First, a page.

A Publication of WTVP

I’ve lived in Delavan, Illinois, for four years now. In the beginning, my life was pretty much engulfed by a new business in Peoria and a new marriage. In the last year, however, much has seemed to settle. My wife, Leann, and I decided we wanted to give back to our community by getting involved in local organizations. With my background in business, a challenge was presented to me to begin the Delavan Economic Development Council. Knowing much about opening a single business—but only little about the promotion of a small business community—I decided to give my time and effort to this new challenge.

To those unfamiliar with Delavan, it is a small community of about 1,800, just 30 miles southeast of Peoria. I often tell people, “To be in Delavan, you have to want to go there, because it’s on the way to nowhere.” I don’t mean this in a derogatory manner. In fact, this is one of the reasons we relocated to Delavan. It’s much like living in Mayberry, USA. We know, or at least recognize, most people in town. We have a grocery store, two gas stations, two pubs, two restaurants, a car dealership, a flower shop, an art gallery, a pharmacy and an antique mall, to name but a few of the businesses. Add a strong school system and a few churches, and one can easily see a strong community foundation.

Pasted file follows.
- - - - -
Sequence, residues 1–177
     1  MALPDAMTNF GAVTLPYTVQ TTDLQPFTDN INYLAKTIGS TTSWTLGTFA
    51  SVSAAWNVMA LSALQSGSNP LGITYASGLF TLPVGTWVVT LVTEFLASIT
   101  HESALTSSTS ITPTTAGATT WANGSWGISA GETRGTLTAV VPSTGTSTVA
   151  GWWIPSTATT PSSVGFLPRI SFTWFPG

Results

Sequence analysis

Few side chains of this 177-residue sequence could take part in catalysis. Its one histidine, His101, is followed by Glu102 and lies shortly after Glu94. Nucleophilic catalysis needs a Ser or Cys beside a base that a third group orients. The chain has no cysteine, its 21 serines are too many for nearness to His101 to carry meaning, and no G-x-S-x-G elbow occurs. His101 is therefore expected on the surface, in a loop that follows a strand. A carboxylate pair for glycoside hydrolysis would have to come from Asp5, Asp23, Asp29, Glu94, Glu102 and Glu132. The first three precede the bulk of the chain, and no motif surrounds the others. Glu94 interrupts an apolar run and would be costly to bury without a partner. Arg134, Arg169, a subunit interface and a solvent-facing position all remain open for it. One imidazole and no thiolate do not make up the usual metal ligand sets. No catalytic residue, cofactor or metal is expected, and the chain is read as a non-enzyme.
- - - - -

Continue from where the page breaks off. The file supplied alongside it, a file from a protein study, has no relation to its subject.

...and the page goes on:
However, Delavan, like many small communities in rural America these days, is in a state of flux, though it remains viable as a small independent community. Rich in a historical context, Delavan’s average citizen age is increasing. Our businesses often struggle as people commute to other communities for work and, consequently, purchase their goods and services elsewhere.

I view our community as being on a bubble. Slide off the left side, and we become little more than a gathering of houses in a field. Slide off the right, and we thrive and grow. In this context, Delavan has one of two options. The first takes us off the left side. We do nothing and become one of many ever-shrinking communities whose population dwindles and meets few of the basic needs of its citizens. In essence, it becomes a “ghost town,” and citizens meet their needs supporting other communities. To slide off the right, we must meet the needs of the current citizens and businesses, but also attract new citizens and businesses, thus improving the functionality and attractiveness of our community. If the second occurs, the community becomes richer economically and culturally. The community also enhances its likelihood of a thriving future.

With these ideas in mind, I set out to initiate the Delavan Economic Development Council (DEDC). Looking to recruit others in the community holding a similar vision for Delavan, I began speaking to many in town who envision a positive—not skeptical—community future. Once I recruited four other people, we began to brainstorm ideas, beginning with what Delavan would not become. Delavan would not become a Peoria, Lincoln, or even Pekin, which have a plethora of businesses on which to build. Second, it would not likely become a Galena, or similar tourist attraction. Our group believes that while our community is appealing to many, the chances of actually thriving on tourism for our livelihood are slim. With this in mind, we looked back to basics.